32 arrested at Indian call centre that targeted Canadians
TORONTO – Indian authorities say they have shut down a call centre where dozens of people tried to dupe Canadians into handing over money through a phone scam involving social insurance numbers.
Sameer Sharma, a deputy police commissioner in New Delhi, said in a statement that the "swanky international scam call centre targeting Canadian citizens" first came to the attention of police on Friday.
Officers moved in on Sunday, arresting 32 people and seizing electronic equipment including 55 computers and 35 phones. Also allegedly taken by police were "script pages" that directed call centre workers on what to say.
According to Sharma, police arrived to find several scam calls in progress with associated computer screens displaying Canadian phone numbers.Three supervisors were also present.
"The supervisors … were asked about the activity going on there but they could not give any satisfactory answer," he said.
"On sustained questioning, they divulged that they were engaged in calling [Canadians] and impersonating [themselves] as genuine Canadian police."
The 32 people who were arrested are mostly in their 20s or late teens, although some are as old as 37.
All 32 were arrested on breaches of the Indian Telegraph Act, Indian Wireless Telegraphy Act and Information Technology Act. The accusations include that they purchased unauthorized VOIP call minutes from international markets, costing the Indian government a substantial amount of money.
The four men believed to own the call centre were not present and are being sought by police, Sharma said.
HOW THE SCAM WORKS
Police are aware of one Canadian who was duped out of $13,500 by the raided call centre.
Sharma said that, for victims, the scam typically begins with a robocall purporting to come from Service Canada. The call typically claims that some sort of allegations have been linked to the victim's SIN and that they will be arrested and imprisoned if they do not call back.
Anyone who does call back is threatened further before the scammer offers to "settle the matter" with a payment, Sharma said.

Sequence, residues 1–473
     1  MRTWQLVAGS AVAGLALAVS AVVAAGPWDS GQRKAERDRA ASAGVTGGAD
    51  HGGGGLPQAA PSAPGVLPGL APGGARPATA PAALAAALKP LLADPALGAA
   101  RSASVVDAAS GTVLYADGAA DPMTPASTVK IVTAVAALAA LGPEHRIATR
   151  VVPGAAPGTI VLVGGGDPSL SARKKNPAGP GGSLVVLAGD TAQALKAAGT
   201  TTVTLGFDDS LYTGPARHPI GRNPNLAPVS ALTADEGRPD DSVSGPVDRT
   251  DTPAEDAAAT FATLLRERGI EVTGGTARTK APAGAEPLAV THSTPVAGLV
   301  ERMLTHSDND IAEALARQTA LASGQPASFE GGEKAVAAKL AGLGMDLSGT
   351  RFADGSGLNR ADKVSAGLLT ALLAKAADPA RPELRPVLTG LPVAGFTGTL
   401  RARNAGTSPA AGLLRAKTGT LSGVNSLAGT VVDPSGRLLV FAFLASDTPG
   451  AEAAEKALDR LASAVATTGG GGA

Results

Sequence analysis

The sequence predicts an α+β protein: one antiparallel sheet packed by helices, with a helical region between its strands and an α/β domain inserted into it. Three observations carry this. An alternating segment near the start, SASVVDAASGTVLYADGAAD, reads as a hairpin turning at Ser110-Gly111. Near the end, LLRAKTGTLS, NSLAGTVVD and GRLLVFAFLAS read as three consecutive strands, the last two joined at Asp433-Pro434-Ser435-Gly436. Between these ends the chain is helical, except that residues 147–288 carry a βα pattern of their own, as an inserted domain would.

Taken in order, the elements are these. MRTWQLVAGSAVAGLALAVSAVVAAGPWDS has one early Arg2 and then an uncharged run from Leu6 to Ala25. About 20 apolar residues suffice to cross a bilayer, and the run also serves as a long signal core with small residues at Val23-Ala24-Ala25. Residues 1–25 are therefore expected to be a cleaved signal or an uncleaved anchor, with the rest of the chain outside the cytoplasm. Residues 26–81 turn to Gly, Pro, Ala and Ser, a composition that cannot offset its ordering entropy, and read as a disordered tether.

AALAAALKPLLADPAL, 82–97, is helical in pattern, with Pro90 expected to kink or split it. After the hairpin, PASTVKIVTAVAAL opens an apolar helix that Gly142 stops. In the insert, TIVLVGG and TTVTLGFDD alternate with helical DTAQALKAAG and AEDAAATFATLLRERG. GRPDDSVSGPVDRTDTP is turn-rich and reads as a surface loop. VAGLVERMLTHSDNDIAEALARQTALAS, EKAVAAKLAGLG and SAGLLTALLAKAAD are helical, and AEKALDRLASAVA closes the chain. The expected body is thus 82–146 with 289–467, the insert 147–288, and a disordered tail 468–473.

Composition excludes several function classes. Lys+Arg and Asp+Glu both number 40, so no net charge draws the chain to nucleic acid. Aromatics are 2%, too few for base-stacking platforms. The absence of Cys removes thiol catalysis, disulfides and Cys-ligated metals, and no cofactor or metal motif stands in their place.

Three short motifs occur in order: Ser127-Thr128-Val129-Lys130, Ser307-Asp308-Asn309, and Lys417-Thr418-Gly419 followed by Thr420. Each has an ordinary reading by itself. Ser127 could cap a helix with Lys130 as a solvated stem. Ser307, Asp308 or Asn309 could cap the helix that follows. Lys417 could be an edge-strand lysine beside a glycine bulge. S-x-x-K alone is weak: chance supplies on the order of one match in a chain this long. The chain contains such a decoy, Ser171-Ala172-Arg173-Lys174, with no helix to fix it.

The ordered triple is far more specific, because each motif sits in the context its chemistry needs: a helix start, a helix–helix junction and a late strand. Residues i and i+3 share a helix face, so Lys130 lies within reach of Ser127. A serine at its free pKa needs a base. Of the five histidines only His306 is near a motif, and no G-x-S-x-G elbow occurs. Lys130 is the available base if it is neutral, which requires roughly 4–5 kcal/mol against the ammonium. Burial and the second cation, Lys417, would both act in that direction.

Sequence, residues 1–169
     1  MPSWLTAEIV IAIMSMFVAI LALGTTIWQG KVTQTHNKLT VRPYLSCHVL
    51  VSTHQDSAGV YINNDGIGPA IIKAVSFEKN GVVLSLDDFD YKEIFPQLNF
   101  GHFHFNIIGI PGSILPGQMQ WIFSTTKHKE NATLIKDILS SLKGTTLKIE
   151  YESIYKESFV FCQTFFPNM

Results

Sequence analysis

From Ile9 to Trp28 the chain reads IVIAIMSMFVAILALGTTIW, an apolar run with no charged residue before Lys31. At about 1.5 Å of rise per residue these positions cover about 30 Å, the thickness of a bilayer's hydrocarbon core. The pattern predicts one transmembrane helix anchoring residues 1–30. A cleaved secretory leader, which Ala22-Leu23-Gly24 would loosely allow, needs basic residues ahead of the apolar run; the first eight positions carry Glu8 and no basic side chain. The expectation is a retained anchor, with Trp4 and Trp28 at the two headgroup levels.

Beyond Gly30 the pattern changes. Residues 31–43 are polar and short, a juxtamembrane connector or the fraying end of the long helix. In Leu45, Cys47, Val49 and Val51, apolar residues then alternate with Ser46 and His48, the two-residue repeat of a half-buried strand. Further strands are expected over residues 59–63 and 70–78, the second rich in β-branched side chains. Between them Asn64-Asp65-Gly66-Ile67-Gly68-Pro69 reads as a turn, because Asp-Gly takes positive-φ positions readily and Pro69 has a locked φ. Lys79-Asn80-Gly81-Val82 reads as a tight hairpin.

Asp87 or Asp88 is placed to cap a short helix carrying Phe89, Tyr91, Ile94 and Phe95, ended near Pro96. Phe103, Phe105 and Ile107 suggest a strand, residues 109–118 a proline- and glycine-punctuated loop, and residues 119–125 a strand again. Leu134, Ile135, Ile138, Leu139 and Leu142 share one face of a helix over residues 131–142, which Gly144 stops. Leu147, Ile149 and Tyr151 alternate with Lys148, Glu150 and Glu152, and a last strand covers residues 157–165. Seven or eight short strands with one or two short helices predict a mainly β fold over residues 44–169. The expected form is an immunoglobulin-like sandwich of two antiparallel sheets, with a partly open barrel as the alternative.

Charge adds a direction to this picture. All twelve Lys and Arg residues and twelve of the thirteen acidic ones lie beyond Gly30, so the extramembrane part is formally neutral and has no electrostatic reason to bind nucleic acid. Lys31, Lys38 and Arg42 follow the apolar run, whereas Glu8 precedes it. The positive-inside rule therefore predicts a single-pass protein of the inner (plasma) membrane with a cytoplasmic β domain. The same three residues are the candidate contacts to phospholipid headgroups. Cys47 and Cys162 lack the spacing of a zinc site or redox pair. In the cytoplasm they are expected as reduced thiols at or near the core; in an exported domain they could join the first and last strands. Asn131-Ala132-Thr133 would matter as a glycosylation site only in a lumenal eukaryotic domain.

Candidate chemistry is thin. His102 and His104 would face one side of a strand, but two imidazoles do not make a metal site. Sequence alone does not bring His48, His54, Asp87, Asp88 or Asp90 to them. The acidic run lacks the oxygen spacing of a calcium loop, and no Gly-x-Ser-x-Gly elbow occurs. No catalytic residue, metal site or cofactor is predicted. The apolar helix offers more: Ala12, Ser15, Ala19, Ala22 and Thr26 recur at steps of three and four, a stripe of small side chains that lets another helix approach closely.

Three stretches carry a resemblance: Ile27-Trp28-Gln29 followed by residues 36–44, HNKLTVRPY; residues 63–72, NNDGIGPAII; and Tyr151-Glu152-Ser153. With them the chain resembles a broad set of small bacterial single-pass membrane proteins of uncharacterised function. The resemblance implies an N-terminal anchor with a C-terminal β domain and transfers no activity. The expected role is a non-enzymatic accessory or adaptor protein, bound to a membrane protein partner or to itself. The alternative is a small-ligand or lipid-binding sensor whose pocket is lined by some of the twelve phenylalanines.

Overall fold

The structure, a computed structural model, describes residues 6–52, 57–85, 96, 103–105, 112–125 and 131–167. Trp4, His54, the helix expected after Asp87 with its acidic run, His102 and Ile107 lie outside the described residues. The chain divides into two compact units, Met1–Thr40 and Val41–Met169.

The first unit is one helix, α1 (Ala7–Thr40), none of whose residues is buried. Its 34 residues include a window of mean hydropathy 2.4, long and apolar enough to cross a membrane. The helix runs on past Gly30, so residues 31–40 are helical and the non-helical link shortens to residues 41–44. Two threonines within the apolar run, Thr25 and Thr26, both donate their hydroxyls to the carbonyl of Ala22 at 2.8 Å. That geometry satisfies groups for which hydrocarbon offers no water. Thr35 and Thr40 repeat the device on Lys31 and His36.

These payments usually come via prepaid credit cards, iTunes gift cards or Bitcoin. Police said one of the phones they seized has an app that could be used to receive Bitcoin payments.
The call centre is believed to have primarily operated at nighttime in New Delhi, which is morning and afternoon in most of Canada.
KEEPING YOURSELF SAFE
The Canadian Anti-Fraud Centre offers a host of resources to protect Canadians against duplicitous phone calls and other scams.
It says that the SIN scam is relatively new, and that callers using this scam may claim to be from the RCMP or a local courthouse rather than Service Canada.
It also reminds people not to trust call display readings, as scammers can use call spoofing to claim to be calling from a number that is not actually theirs. Sharma said the scammers in New Delhi were regularly doing this to make it appear as though their calls were coming from Canada.
Anytime someone calls claiming to represent a government agency and seeking personal information, authorities say it is best to hang up, look up the agency's phone number and call it directly to verify any claims made in the first call.
The anti-fraud centre further notes that anyone receiving a request for payment via an iTunes gift card or another difficult-to-trace cash equivalent should immediately be suspicious.